Sunday, April 26, 2009

sunday afternoon

This morning I walked to the beach, as I so often do on Sundays, with my camera in hand,and looking forward to seeing just what yesterday's storms had wrought on the beachscape.  As always, I am guided in my picture taking by intuition, by my artist self, snapping only when certain. I can't tell you what captivates me so about certain images: delicate ivy growing up the trunk of a massive, gnarly tree trunk; evidence of other beings who were there before me, such as birds crowding around a fish carcass and picking it clean; the light on the tops of the beach grass so delicate as the filtered sun bathes them. The sounds have changed from my last visit; the waves caressing the water's edge unimpeded by ice and snow. The rhythm is ancient music that we all respond to, if we listen.
As I walked I thought once again that this place is as constant as anything I have experienced in my life.  As a child, the beach was across Lakeshore Drive, just like it is now,  but in a town south of here called St. Joseph. To get there, I walked through the neighbor's deep lot, past a vegetable garden and a grape arbor, and climbed down the rickety steps that had all of the character of fine driftwood.
My brother and I wandered down there very early one morning with our blankets and rolled up in them, pigs in blankets, and fell asleep to the wavesounds.  I found clay on the sides of the bluff and walked on it, feeling aboriginal.  I watched the boats.  My parents took us out in ours for day-long picnics, the little vessel rocking contentedly offshore, held by the anchor. I made Frank Lloyd Wright houses out of flat stones with my mother. I made sand portraits. I do this, still, and I dig my toes into the sand, and I have to stop myself from diving into those waves before the water warms. When I was little, i jumped in in March once.

Today, of course, so many new things to see, as always: my favorite image was that of delicate bird feet, so lightly impressed into the loose sand and reminding me of Japanese kanji.  This sense of timelessness and newness is the stuff of life-I look in the mirror and I see that little girl walking the beach and building houses with her mother. I see that young mother digging holes in the sand with my Annie; watching Jon, drenched with water, deliriously rolling in the hot sand. I see myself today, slowing down, seeing differently than before, seeing better in some ways, delighted by that which used to elude me.  I see an older me, if I am lucky, still finding the perfect piece of driftwood and trying not to frighten the gulls as I approach. It is the same being and I am seeing her on different days. My essence is the thread that connects us all.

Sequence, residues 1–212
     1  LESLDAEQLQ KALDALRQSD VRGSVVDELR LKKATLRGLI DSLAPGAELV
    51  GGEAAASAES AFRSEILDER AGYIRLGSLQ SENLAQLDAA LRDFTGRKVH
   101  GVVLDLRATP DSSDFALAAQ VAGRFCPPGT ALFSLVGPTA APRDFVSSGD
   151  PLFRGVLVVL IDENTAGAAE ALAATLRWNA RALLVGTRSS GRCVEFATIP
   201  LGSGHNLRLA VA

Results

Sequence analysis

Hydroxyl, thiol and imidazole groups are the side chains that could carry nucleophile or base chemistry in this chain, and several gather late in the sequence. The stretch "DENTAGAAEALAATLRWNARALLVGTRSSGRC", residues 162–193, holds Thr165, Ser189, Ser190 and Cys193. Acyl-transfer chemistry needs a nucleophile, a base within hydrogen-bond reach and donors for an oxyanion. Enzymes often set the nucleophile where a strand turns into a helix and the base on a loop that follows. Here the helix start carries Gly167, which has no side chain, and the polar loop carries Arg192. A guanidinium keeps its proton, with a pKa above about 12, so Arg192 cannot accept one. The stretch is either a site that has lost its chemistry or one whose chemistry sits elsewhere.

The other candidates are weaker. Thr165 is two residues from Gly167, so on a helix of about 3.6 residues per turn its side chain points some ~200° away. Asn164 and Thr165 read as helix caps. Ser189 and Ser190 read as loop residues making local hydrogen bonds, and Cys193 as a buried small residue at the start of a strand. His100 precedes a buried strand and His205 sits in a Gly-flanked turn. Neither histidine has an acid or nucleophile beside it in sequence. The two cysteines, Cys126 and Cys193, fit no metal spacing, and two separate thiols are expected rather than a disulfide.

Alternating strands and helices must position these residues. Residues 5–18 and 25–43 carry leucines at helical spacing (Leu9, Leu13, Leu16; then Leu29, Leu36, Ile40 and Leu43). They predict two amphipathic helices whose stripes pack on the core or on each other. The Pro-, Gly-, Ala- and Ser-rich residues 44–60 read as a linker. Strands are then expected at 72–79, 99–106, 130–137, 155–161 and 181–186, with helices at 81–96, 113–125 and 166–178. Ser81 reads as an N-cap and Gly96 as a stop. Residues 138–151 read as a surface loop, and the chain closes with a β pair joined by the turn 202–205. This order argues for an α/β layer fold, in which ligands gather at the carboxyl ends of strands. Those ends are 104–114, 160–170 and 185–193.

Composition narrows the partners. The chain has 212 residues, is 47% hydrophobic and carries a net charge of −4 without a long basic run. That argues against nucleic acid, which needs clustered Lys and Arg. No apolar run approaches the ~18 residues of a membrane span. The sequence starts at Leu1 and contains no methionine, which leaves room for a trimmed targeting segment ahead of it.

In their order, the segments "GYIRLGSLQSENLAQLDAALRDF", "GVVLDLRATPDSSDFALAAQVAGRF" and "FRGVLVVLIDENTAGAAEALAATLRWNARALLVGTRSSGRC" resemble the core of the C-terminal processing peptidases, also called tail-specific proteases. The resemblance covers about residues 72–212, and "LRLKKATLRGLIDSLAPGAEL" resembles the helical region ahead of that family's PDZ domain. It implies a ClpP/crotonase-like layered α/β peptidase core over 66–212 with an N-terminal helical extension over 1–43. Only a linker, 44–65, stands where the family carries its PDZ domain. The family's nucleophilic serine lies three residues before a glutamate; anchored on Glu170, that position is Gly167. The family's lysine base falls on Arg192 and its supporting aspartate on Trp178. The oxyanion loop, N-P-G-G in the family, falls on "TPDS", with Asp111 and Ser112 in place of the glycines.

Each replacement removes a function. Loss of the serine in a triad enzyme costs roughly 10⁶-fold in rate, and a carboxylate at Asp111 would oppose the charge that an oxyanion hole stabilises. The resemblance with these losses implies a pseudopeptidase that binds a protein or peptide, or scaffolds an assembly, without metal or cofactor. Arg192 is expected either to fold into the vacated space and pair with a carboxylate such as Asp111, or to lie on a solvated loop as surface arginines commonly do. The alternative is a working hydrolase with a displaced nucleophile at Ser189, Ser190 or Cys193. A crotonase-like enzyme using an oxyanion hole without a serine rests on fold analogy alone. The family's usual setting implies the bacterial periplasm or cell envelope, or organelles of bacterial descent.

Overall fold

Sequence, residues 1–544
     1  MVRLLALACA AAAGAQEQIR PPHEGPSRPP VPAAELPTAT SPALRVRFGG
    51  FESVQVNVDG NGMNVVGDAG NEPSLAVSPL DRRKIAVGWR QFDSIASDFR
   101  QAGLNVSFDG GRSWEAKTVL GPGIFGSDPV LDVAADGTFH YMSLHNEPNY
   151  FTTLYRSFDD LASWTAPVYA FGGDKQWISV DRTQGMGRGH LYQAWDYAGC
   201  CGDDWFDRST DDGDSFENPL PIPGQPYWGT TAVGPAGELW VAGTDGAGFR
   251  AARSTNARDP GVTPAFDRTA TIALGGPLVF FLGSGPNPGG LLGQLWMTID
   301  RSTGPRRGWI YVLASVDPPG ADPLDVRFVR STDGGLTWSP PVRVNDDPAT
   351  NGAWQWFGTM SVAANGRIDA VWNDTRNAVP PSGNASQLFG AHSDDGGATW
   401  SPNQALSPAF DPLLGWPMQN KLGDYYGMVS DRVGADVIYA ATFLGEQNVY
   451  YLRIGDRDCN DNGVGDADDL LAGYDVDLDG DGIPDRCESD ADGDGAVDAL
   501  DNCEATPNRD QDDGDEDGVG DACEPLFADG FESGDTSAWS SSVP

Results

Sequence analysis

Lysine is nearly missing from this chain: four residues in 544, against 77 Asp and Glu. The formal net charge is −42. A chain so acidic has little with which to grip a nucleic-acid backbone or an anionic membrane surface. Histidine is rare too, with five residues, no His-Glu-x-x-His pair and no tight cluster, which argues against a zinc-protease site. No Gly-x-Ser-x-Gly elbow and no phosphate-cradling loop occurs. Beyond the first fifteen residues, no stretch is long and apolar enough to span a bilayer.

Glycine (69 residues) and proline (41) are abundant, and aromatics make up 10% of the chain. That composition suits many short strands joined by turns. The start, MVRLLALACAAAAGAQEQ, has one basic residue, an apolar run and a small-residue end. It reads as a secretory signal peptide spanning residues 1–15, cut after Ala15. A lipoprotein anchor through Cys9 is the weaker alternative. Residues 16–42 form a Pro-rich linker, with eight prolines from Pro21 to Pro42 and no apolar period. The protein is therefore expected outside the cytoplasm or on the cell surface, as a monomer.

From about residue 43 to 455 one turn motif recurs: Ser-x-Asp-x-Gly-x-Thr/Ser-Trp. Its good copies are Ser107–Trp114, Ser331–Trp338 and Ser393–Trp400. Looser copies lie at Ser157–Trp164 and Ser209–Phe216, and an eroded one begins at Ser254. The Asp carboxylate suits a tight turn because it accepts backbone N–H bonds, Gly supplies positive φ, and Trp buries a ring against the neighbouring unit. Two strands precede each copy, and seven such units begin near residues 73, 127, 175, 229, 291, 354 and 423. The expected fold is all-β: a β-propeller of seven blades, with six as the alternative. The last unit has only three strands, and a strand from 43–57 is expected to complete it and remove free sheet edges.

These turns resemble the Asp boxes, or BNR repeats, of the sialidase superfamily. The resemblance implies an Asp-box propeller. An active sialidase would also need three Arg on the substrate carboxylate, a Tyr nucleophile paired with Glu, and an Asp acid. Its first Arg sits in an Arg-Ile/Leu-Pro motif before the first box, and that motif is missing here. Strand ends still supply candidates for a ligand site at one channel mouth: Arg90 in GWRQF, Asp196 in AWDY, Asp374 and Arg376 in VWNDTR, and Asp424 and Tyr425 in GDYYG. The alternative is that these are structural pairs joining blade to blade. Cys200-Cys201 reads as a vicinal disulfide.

Saturday, April 25, 2009

Maria Felix

Actress, art collector, fashionista, outsider woman.
Just had to share.

Monday, April 20, 2009

Edvard Munch

Yesterday I was able to go to the Art Institute of Chicago and see the Edvard Munch exhibit with Annie and her friend Efrat. The exhibit was powerful, with themes of melancholy, anxiety, 
love, and alienation. His prints are really amazing and very rich in their technique; his paintings, many of them, are very linear in their style, which surprised me, given the looseness of the brushstrokes  of his most famous work, The Scream.  One gets the impression that Munch was a serious sort of guy, given to some obsessiveness and more than a little gloominess.  The yellow vertical symbol for the moon on the water, seen in Summer Night, the Voice, is a recurrent theme in his work, and I think it symbolizes the melancholia that he so often expresses in his work. 
I am sure that it wasn't lost on many who attended this exhibit that his themes are just as relevant today as they were then. The other day, I had a discussion with dear friend Bobbi about medications that have been developed for the anxiety and depression that seem to be sort of running rampant among us today.  Would Munch have created these works if he had the edges softened a little by a daily dose of Prozac?